Senators introduce election cybersecurity bill to improve information sharing

Two Senators on the Intelligence Committee introduced a bill that would let states receive classified information about election threats and help them identify new threats.
Senator Collins / Joy Holder, U.S. Senate Photographic Studio

Two U.S. senators are introducing a bill that aims to increase states’ preparedness for cyber interference in federal elections amid concerns about foreign meddling in the 2016 election, Reuters reported.

Sens. Susan Collins, R-Maine, and Martin Heinrich, D-N.M., announced the Securing America’s Voting Equipment (SAVE) Act on Tuesday, which would authorize the Director of National Intelligence (DNI) to issue security clearances to state officials in charge of running federal elections. The clearance would allow the DNI to share classified intelligence about election threats with those officials.

The legislation would also authorize a grant program to let states upgrade their election technology.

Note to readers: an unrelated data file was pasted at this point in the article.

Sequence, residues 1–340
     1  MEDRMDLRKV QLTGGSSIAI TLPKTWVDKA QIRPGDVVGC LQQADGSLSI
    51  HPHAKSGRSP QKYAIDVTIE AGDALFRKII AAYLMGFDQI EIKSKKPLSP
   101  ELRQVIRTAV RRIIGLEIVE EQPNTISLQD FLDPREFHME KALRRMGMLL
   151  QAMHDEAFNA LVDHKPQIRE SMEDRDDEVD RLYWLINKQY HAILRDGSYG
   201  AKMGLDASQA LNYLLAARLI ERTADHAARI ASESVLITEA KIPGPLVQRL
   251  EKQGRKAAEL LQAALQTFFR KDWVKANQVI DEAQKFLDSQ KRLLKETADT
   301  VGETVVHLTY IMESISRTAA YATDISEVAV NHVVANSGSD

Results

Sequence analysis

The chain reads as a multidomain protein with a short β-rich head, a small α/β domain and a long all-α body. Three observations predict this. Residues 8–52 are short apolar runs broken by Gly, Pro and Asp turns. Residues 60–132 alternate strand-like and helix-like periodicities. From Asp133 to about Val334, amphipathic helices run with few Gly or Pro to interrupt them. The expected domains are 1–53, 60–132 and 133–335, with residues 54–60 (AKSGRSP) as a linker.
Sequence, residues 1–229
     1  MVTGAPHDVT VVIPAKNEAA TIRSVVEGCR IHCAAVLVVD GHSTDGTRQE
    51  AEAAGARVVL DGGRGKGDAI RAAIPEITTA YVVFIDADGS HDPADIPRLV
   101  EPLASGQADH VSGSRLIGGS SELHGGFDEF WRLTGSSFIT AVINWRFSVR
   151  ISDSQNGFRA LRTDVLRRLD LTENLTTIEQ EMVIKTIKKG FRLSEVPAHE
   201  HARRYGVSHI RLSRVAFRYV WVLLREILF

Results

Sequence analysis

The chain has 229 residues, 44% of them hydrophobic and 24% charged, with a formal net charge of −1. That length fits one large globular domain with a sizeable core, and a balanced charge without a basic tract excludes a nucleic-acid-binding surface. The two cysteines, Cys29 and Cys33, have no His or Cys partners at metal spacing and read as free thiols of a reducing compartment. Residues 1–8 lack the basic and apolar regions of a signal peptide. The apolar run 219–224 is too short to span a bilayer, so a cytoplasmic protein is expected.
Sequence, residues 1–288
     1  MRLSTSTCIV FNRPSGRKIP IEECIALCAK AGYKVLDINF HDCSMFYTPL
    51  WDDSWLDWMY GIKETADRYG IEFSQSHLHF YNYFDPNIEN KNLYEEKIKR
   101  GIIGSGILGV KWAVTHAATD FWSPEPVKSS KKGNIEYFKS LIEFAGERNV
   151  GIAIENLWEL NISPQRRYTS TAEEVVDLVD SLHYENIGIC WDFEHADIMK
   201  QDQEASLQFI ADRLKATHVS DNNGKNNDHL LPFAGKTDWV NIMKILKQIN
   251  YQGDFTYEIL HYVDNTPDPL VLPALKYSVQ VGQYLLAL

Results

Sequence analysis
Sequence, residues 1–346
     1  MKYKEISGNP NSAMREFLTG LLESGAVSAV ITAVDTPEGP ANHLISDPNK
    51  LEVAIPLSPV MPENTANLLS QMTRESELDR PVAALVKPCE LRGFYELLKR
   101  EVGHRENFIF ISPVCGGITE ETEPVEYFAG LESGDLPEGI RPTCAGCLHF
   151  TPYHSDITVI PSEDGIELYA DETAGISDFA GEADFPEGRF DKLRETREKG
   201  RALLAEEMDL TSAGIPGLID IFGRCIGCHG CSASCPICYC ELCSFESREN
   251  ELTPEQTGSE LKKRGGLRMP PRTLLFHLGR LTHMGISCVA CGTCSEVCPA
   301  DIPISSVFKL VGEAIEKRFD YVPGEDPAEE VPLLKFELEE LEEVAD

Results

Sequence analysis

While the Department of Homeland Security designated election systems as “critical infrastructure” in January, this bill would reiterate that designation as legislation.


The DHS last month notified 21 states that their election systems were scanned by Russian hackers looking for vulnerabilities. However some of those states challenged that notion and said their systems were never scanned or compromised.

Collins and Heinrich are on the Senate Intelligence Committee, which is investigating Russian interference in the 2016 election.

“While the Intelligence Committee’s investigation is still ongoing, one thing is clear: the Russians were very active in trying to influence the 2016 election and will continue their efforts to undermine public confidence in democracies,” Collins said in a joint statement.

“Our democracy hinges on protecting Americans’ ability to fairly choose our own leaders. We must do everything we can to protect the security and integrity of our elections,” Heinrich said.

The SAVE Act also proposes a “Cooperative Hack the Election” program to invite vendors and researchers to find threats and vulnerabilities in election technology, similar to the Voting Village that DEF CON conducted in July.

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